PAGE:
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Inquiry helps sister’s healing journey

Kanehsata’kehró:non Cheryl McDonald shared the story of her sister Carleen’s disappearance and death. (Jessica Deer, The Eastern Door)
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Healing was at the heart of Kanehsata’kehró:non Cheryl McDonald’s testimony last week, as she shared the story of her sister’s disappearance and death at the National Inquiry into Missing and Murdered Indigenous Women and Girls.

Carleen Marie McDonald was 25 years old when she snuck out of her parent’s house in Akwesasne on September 4, 1988, never to be seen again.

“Carlene was a rambunctious little spirit,” said Cheryl on Monday, as the first public witness at the inquiry’s community hearings in Montreal.

She described her sister as a tomboy, tough, and as someone who wore her spiked coif after her love for Rod Stewart.

During Cheryl’s testimony, she shared a photo of Carleen proudly wearing a bright red Mohawk Nation shirt, which was shown to the audience. It was the last photo of her, taken in May of 1988, before she got braces.

The orthodontic records helped identify her remains when a body was found seven weeks after her disappearance by a deer hunter in the woods near their parent’s home in the Tsi Snaihne district of Akwesasne.

Twenty-five-year-old Carleen McDonald was last seen Labour Day weekend in 1988 before her remains were found seven weeks later by a deer hunter. (Courtesy Cheryl McDonald)

Days after the police removed her body Cheryl and her family were horrified to find a blanket with some of Carleen’s remains left at the scene. The memory still haunts her today.

“They left her hair. We went with the priest, a faith keeper, my dad’s aunts, and the kids,” said Cheryl.

“They left the crime scene. They left us to find her and pick up her hair like it was a dirty wig.”

She testified about the frustrations dealing with the Akwesasne Mohawk Police Service, who were in charge of the investigation into Carleen’s disappearance.

“I spent many weeks in between staying with my parents, looking out of the window at night and just wondering where is she? Is she coming back? Why aren’t they looking for her?” said Cheryl.

“One day I looked out the window at the kitchen sink and there’s the conservation officer’s car flying by my parent’s house and into that field. Again, I called the police chief and said, ‘what’s going on?’ Someone lost their dog. Someone lost their dog and you’re sending a car to look for them and my sister could be laying out in those woods?”

Cheryl struggled to understand what might have happened to her older sister, switching back and forth between her death being a suicide or thinking foul play was to blame.

“I went through this constant churning,” she said. “I was just trying to figure out why my sister left in the middle of the night and was found in a forest floor. What was she thinking? Why did she leave us all? Why did she leave her children? Why did she leave our parents?”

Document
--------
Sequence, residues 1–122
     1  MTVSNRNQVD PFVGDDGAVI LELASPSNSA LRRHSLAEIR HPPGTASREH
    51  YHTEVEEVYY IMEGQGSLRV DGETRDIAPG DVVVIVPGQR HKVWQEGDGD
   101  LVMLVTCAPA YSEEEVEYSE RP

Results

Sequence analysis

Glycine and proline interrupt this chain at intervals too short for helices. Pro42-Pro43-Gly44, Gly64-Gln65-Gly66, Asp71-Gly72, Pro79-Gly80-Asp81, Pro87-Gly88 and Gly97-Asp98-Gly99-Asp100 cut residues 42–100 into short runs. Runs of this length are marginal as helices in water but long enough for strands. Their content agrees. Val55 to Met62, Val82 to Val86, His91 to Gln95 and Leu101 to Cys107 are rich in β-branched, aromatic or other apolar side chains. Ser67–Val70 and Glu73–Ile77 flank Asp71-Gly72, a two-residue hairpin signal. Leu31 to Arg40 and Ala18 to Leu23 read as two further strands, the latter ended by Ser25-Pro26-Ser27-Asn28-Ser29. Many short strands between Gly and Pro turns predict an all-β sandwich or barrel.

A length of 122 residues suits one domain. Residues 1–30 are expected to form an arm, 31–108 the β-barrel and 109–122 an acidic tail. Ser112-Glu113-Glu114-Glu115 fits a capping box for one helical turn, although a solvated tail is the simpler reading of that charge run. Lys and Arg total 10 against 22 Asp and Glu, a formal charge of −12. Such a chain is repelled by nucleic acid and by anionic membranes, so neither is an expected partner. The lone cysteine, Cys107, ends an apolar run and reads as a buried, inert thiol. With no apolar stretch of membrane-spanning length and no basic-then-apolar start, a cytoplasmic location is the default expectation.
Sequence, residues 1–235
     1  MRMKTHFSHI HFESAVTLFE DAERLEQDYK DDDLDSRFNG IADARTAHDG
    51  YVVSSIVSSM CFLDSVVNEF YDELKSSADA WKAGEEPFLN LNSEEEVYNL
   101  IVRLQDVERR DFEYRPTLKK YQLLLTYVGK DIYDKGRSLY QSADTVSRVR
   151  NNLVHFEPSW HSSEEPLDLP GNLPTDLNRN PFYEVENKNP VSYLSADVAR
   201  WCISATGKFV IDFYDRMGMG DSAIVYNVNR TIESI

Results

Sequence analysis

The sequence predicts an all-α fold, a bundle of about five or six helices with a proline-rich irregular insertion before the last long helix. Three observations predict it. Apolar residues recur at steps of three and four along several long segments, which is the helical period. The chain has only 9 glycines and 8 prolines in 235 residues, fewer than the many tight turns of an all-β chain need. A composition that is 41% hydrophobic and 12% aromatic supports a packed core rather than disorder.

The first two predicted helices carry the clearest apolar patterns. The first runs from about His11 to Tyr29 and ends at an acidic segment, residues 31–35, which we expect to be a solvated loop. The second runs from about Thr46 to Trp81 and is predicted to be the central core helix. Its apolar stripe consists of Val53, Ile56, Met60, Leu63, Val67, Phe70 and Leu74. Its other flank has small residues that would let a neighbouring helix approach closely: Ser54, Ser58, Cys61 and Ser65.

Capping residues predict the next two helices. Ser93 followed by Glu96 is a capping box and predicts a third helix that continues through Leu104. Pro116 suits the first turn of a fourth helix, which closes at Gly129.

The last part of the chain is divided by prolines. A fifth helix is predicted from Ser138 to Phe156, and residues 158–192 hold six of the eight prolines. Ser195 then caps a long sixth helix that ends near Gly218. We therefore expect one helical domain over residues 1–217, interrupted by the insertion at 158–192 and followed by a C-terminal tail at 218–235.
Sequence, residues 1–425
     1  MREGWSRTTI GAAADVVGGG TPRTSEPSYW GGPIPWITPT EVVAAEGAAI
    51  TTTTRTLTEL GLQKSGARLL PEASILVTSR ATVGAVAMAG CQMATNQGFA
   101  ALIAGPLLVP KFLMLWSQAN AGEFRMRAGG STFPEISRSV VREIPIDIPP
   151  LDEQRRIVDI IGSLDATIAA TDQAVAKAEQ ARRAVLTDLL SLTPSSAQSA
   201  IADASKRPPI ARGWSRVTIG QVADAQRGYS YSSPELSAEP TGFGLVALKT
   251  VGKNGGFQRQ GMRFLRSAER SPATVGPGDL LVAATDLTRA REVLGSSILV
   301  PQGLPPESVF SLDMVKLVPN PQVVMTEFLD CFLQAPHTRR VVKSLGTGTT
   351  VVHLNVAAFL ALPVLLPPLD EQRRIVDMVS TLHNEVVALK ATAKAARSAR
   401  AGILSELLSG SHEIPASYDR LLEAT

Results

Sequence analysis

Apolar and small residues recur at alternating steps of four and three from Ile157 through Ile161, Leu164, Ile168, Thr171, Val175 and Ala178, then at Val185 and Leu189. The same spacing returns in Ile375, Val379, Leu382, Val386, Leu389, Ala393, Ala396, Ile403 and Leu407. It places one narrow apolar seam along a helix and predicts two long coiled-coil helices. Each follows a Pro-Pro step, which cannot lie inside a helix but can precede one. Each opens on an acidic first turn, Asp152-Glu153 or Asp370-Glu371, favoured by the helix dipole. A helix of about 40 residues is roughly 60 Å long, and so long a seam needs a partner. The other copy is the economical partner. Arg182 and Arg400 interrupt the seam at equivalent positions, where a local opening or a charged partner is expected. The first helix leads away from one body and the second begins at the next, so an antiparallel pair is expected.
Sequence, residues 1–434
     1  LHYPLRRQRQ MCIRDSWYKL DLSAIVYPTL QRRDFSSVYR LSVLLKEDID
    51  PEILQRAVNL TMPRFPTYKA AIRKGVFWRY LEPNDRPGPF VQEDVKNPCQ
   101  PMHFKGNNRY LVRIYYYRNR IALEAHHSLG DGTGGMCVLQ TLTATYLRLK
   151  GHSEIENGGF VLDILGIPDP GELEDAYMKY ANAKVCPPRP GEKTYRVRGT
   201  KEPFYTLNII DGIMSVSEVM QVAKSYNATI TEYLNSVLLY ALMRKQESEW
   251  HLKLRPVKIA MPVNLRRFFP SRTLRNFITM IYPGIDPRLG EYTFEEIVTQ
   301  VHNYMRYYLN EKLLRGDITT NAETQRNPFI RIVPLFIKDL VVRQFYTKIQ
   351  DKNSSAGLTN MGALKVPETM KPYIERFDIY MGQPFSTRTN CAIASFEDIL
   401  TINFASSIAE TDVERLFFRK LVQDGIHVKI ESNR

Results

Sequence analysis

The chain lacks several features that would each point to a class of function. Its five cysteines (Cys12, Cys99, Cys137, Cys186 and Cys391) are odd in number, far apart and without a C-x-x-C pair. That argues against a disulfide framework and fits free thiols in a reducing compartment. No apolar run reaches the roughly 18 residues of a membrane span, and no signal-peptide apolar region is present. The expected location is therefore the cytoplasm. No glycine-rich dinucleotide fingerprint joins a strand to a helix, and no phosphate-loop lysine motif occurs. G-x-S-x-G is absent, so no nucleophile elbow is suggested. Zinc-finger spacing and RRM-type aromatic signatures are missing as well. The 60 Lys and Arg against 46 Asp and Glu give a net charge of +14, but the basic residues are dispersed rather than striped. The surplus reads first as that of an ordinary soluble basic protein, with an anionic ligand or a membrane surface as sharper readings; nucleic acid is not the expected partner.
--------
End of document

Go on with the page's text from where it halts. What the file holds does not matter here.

Carleen left behind three young children. A suicide note had been left behind, in her handwriting, but Cheryl was suspicious of her sister’s common-law husband (now deceased).

The couple had broken up earlier that summer, and Cheryl testified he had been abusive. He told the police Carleen was probably out drinking and partying.

“They believed him and he wasn’t a suspect. I suspected him. I just kept getting more and more suspicious of him,” said Cheryl. “I had no evidence. No evidence, no witness, no body, no charges. Unfortunately that’s still the case for many families out there struggling with the law because the law is the law.”

A series of photos of Carleen were placed on a chair next to Cheryl McDonald during her testimony at the National Inquiry into Missing and Murdered Indigenous Women and Girls. (Jessica Deer, The Eastern Door)

As a way to focus on her own healing, Cheryl eventually settled on deeming Carleen’s death a suicide.

“Losing a sister, not knowing where she is, what happened to her, finding her body by chance, grieving and not knowing for sure what happened to her. We didn’t grieve,” said Cheryl.

“I had to leave that in the hands of the Creator. She’s gone now and there’s nothing I can do. Only the Creator knows. But, I know she’s not hurting anymore. I know she’s at peace.”

For 27 years, Cheryl remained silent about her sister’s death. She said sharing her sister’s story, at first during pre-inquiry gatherings three decades later, has helped her healing journey.

It was also during that time she began creating a new set of regalia, clad with beaded silhouettes of a red dress to honour missing and murdered Indigenous women.

“This dress makes me want to dance. This is the first regalia I ever wore in my whole life,” she said.

“When I put on that regalia, she dances with me. I have to honour her for showing me how life ends or how life begins. She was the greatest teacher.

“She showed me how to be strong, how to communicate if someone is mistreating me, how to love my kids when I didn’t feel like it. She taught me to love them.”

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Jessica Deer was a staff reporter from 2015-2018 who started out in 2008 as a summer student.